Are pregnant women with PCOS at risk for heart disease?

It causes irregular periods, an excess of male hormones (male hormones), and sometimes infertility.

Building on previous research that found PCOS to be linked to future risks of cardiovascular disease, the new findings suggest it can also significantly increase heart problems in pregnant women during pregnancy. at birth.


These problems include preeclampsia (dangerous levels of high blood pressure with organ damage), postpartum cardiomyopathy (weak or enlarged heart), heart failure, abnormal heart rhythms, and venous thrombosis (thrombosis). blood clots), compared with women without PCOS.

“Usually, women with PCOS are concerned about the immediate effects, like irregular menstrual cycles, excess body hair, weight gain and acne,” says Dr. Erin Michos. Long-term cardiovascular complications are also a serious problem.” associate professor of medicine at Johns Hopkins University School of Medicine and the study’s corresponding author.

Heart disease risk in pregnant women with PCOS

Michos said the new study should encourage women with PCOS to live a heart-healthy lifestyle before, during, and after pregnancy to reduce the risk of adverse outcomes.

For the study, the researchers analyzed data collected on more than 17 million births in the US between 2002 and 2019 drawn from the National Inpatient Sample. Of those who had to be hospitalized for delivery, 195,675 had PCOS.

The prevalence of PCOS – and obesity among those with hormone disorders – increased significantly during the study period. The number of women with PCOS increased from 569 per 100,000 deliveries in 2002 to 15,349 per 100,000 deliveries in 2019. During the same time period, obesity among women with PCOS also spiked from 5.7% to 28.2%. Michos and colleagues note that some of the increase in PCOS may be due to better detection and diagnostic capabilities.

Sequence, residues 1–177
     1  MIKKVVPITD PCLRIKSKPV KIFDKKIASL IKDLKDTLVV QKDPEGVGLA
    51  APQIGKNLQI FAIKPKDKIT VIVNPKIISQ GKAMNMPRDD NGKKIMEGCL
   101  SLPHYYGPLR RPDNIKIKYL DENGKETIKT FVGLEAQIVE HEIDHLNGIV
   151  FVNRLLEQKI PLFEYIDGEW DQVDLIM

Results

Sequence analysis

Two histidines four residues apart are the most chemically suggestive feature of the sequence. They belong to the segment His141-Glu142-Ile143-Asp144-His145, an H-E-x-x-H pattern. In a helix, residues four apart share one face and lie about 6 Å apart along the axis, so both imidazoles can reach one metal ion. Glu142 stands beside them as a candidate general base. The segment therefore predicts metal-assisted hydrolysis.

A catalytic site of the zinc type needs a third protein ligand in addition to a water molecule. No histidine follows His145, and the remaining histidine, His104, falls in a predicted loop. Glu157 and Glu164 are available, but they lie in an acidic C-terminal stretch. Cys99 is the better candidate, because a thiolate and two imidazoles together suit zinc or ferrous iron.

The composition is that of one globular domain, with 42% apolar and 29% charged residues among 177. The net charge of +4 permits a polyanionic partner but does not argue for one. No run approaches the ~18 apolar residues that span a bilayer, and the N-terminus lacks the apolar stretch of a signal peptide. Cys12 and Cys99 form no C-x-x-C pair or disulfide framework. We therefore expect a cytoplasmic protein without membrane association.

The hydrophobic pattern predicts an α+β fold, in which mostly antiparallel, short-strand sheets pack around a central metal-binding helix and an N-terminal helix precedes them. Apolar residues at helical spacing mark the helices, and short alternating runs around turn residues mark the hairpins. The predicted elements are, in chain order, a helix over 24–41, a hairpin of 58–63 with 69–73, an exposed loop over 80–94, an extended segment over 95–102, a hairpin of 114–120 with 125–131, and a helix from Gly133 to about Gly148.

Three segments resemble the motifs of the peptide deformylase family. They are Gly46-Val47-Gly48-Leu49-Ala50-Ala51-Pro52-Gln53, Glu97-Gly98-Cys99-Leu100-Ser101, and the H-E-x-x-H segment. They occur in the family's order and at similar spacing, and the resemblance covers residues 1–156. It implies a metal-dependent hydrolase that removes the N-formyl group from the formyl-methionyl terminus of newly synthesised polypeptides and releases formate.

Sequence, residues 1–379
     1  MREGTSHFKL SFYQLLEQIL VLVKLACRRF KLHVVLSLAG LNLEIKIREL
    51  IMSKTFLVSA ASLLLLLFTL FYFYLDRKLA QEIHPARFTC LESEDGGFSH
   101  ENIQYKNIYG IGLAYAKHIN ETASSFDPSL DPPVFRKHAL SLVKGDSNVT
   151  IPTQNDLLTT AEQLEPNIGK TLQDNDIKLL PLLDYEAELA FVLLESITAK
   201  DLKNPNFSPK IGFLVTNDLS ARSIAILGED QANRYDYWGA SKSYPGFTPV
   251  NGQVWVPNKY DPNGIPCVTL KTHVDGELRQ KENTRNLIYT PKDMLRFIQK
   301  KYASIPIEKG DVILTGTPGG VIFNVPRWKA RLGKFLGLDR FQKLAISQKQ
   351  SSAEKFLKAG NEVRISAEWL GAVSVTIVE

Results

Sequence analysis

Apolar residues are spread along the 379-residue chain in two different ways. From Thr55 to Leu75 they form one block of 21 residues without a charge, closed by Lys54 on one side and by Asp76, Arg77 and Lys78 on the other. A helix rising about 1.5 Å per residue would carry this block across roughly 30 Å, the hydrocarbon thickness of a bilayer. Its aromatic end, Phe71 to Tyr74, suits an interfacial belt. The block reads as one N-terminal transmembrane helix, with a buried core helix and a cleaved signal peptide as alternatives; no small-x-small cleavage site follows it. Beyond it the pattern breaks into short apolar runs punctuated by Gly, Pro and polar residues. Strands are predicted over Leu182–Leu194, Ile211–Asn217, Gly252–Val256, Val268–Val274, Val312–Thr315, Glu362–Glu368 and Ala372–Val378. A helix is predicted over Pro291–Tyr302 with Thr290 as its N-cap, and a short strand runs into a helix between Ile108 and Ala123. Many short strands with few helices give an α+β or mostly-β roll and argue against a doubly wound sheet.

After adjusting for age, race, and other disorders unrelated to PCOS, insurance, and income, PCOS remained an independent predictor of cardiac complications during childbirth compared with women who did not. hormone disorders.

Complications included preeclampsia, with a 56% increased comparative risk; heart failure, 76% increased risk; abnormal heart rhythms, with a two-fold higher risk; heart failure, with a 79% higher risk; and an 82% higher risk of forming a blood clot.

Women with PCOS are generally older (31 versus 28) and have higher rates of diabetes, obesity, and high cholesterol. The study also found that black women with PCOS were at increased risk for preeclampsia and other adverse outcomes.

“Currently, the overall goal is to reduce increased mortality among pregnant women in the US, with a mission to identify risk factors. Our study shows that PCOS is indeed a risk factor. causes acute cardiac complications at the time of delivery and should be reported by Salman Zahid, MD, a resident in the Residency program of Rochester General Hospital in Rochester, New York, and lead author of the study. save, said.

“We want to emphasize the importance of optimizing the cardiovascular health of women with PCOS with prevention efforts, particularly Black women and lower socioeconomic groups because we believe that it is these populations that are most vulnerable and will benefit most from the intervention.”

In a separate meta-analysis (an analysis combining multiple studies) published May 16 in Women’s Health MagazineMichos and her colleagues found that Women with PCOS are twice as likely to develop coronary artery calcification (CAC), a marker of subclinical atherosclerosis (an early marker of atherosclerosis, the accumulation of fat and cholesterol in the artery walls). CAC occurs when plaque builds up in the arteries and becomes calcified. It is a marker of atherosclerosis, even in the absence of symptoms, and a reliable predictor of cardiovascular disease risk.

Women with PCOS are at increased risk for dyslipidemia (lipid imbalance), type 2 diabetes, hypertension, and heart disease. Early detection of CAC in women with PCOS is key to preventing future cardiovascular disease risk, says Michos.

“These findings suggest that coronary calcium should be considered a risk factor for heart disease for women over the age of 40,” says Michos. “Do women with PCOS need statins? If they have coronary calcium suggesting atherosclerosis, they will. This could be a risk tool for PCOS stratification.”

These two studies together highlight the cardiovascular risks associated with PCOS, both in pregnancy and in the long term, Michos emphasized. Screening for cardiovascular risk factors remains important in this patient population, but cardiovascular risk reduction can be achieved with a combination of healthy lifestyle choices and drug treatment, when indicated, as a precaution.

Source: Eurekalert

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